In January this year, I began a focus on the rights of the child artistes, catalyzed by the Supreme Court of India ruling that the 'skin to skin' contact was not necessary for a crime to come under the purview of the POCSO Act. In this column, I continue unpacking the ideas of how to keep the child in the arts, safe. I want to share a disturbing story from the arts and how a vulnerable child has suffered. It makes me angry, but believing in the intrinsic goodness of mankind I hope that it happened out of ignorance. But really ignorance is no excuse since we are expected to know the law of the land. We need to be proactive about it. This column helps in that direction and I hope that many of you who work in the arts with children will read this till the end.

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Thursday 3 March 2022

Prism - Postmodern meets Pre-Dravidian - Marc-Paul Lambert

It is remarkable to see how, some fifty years after Paris, the term "contemporary dance" settled in hotspots like Mumbai or Chennai2, breaking with semantics of Indian classical legacy. A catchy mood at first, it seems dancing contemporary could propel new choreographies everywhere on the planet, in original formats, although something déjà vu reminds us too of the legendary times of French Bagnolet "contests" (Chopinot, Découflé) - be it their bold manners; dancers shaking codes with irony, and their attraction to use space as on a playground (Galotta). Observing today how the dance scene evolved from a large perspective, the change "dancing contemporary" has brought to the embodiment of global models reveals to be far from being frivolous.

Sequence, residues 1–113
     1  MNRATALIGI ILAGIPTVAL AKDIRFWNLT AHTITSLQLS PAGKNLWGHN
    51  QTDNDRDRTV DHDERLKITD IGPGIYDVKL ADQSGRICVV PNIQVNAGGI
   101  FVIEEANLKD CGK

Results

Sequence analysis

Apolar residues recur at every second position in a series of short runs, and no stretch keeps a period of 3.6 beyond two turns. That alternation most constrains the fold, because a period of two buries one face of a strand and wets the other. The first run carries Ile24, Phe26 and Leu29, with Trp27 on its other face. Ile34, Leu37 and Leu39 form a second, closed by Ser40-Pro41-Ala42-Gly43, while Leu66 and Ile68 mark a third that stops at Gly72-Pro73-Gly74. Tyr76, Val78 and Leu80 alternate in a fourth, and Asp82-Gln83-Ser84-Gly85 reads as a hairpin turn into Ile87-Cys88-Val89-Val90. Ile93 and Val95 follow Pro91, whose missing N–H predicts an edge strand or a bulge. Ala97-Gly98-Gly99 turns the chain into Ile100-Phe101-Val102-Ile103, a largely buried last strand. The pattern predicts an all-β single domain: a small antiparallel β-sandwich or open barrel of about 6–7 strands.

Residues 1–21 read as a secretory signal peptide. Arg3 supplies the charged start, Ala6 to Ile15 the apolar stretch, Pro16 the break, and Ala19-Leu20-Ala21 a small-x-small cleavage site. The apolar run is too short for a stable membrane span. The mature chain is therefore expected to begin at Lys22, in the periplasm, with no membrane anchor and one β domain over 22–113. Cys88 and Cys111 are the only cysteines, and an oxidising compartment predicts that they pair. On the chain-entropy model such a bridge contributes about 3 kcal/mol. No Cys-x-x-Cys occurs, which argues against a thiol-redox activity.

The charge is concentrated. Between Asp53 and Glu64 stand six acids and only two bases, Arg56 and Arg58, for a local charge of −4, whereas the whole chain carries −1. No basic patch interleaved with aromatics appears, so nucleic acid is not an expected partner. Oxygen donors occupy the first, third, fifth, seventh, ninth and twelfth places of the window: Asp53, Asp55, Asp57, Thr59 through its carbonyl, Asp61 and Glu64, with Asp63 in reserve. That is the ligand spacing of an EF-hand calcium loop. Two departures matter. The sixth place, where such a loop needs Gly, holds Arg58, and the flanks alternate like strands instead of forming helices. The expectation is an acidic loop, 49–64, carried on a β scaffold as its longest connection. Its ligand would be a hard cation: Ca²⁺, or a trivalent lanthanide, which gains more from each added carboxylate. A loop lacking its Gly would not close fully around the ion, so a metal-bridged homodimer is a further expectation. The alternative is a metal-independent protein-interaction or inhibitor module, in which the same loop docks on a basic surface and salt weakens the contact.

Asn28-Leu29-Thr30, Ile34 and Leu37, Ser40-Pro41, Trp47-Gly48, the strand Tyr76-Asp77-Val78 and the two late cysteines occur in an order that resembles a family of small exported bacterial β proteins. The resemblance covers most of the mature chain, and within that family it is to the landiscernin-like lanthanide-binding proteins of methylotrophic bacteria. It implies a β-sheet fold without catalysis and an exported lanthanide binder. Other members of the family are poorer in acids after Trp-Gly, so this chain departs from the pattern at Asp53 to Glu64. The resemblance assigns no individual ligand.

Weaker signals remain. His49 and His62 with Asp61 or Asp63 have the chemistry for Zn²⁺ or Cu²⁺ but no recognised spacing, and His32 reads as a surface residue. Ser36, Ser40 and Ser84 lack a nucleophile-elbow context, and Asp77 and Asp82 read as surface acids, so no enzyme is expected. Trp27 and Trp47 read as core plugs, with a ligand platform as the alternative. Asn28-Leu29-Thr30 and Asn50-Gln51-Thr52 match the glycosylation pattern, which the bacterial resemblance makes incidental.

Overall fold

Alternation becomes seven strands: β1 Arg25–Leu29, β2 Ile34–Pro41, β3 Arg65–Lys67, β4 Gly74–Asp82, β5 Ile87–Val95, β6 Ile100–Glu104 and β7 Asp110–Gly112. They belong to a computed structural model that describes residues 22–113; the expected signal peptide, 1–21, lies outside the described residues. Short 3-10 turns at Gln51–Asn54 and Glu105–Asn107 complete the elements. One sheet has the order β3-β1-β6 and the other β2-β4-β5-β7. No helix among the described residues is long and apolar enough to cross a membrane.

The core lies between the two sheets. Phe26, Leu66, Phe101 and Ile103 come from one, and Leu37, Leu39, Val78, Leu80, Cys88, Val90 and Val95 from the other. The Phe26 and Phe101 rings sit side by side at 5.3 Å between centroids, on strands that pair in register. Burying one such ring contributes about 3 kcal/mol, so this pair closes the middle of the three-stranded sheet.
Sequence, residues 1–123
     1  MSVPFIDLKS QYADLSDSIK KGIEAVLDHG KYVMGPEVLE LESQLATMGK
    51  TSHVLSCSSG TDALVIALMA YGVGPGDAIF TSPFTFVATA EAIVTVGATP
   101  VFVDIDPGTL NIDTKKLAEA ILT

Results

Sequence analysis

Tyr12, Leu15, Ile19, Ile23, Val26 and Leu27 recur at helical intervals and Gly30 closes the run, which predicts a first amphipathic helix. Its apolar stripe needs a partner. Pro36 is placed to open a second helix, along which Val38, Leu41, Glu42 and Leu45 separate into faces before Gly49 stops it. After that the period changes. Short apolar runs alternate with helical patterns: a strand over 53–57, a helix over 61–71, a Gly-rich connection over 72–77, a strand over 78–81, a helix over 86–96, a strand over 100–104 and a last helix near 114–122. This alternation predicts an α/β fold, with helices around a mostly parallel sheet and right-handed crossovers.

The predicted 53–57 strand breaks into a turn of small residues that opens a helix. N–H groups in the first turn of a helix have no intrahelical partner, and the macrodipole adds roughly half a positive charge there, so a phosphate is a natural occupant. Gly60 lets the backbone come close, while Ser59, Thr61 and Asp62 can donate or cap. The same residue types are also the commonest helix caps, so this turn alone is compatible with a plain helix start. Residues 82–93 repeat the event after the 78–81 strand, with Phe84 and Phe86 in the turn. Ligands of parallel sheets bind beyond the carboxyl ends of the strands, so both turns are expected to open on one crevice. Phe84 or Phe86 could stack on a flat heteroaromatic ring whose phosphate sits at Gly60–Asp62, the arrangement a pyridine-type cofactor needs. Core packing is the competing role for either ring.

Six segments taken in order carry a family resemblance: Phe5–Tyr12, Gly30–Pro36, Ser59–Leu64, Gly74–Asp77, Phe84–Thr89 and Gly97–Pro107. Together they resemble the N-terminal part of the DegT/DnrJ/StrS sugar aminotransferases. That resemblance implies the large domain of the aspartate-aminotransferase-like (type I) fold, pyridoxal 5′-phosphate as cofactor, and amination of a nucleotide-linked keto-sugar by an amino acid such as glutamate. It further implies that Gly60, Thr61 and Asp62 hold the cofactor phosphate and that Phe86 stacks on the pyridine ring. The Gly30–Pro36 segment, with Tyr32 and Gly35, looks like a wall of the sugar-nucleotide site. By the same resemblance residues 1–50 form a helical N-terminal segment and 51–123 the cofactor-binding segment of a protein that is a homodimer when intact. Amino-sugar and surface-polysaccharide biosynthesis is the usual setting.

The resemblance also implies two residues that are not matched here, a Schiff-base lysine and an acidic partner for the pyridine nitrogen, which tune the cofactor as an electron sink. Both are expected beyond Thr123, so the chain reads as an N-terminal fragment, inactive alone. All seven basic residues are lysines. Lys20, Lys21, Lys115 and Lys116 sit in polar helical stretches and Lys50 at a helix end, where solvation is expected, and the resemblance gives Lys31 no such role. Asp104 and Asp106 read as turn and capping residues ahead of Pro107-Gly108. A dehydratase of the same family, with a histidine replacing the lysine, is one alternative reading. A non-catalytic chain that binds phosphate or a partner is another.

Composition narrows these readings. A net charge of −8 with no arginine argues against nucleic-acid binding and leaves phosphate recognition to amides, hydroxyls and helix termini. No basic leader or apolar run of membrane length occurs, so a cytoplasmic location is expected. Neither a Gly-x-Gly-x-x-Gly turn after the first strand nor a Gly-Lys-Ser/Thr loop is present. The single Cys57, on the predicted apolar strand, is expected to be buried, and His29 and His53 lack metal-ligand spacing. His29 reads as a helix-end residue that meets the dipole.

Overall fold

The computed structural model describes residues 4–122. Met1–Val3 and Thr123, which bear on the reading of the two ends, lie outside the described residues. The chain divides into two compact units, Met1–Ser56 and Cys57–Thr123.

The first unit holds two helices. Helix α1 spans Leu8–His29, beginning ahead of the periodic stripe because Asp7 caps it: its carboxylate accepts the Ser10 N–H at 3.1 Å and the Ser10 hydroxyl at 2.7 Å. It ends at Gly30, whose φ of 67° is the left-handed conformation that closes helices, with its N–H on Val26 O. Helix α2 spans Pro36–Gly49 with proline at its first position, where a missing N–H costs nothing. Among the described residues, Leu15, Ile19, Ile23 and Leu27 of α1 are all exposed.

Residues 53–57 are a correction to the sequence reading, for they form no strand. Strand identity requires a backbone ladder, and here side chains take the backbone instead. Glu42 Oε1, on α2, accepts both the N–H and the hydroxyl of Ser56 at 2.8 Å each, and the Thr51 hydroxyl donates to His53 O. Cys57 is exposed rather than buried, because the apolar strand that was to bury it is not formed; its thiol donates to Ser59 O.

Like a god creator, the artist decides either to pick up the movement material from the abstract, inventing coordinated phrases coming out of nowhere. He (or she) might ask the team to develop on found movements during improvisations. Creating a new feeling by moving adequately is not easy, but it should happen. It supposes you are altering although not intentionally, the audience's overall perception of the event, busy with collecting muscular and senses analogies. Spectators are figuring out on stage the plausible meanings conveyed by gestures between all parts.

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Tuesday 1 March 2022

Anita says...March 2022

We have almost arrived at an important moment!

104 weeks that started with a "trial lockdown" on Sunday March 22, 2020 and will be completed on March 20, 2022.

And now, two whole years later, it is time to take stock of our lives, ourselves and our artistic pathways.

All of us have either suffered the virus - some more than once - and many have lost loved ones.

My own personal loss of my favourite uncle one month ago, came as a rude shock and a wakeup call. Seeing the stream of mourners who came to condole made me realise that no amount of wealth and resources can make up for the way every face had aged, grayed and wrinkled over the past 2 years.

Sprightly friends were walking slower, stooping a little, shuffling too. Some came in wheelchairs and others were missing. The virus had taken their last breath.

The only gleaming, glossy, glamorous objects on display were the new SMART PHONES that everyone was carrying!

Such morbid thoughts may not be the way to start an editorial when Spring is in the air and we are all looking forward to warmer weather and getting out into the "real world". Holiday and destination travel have quadrupled.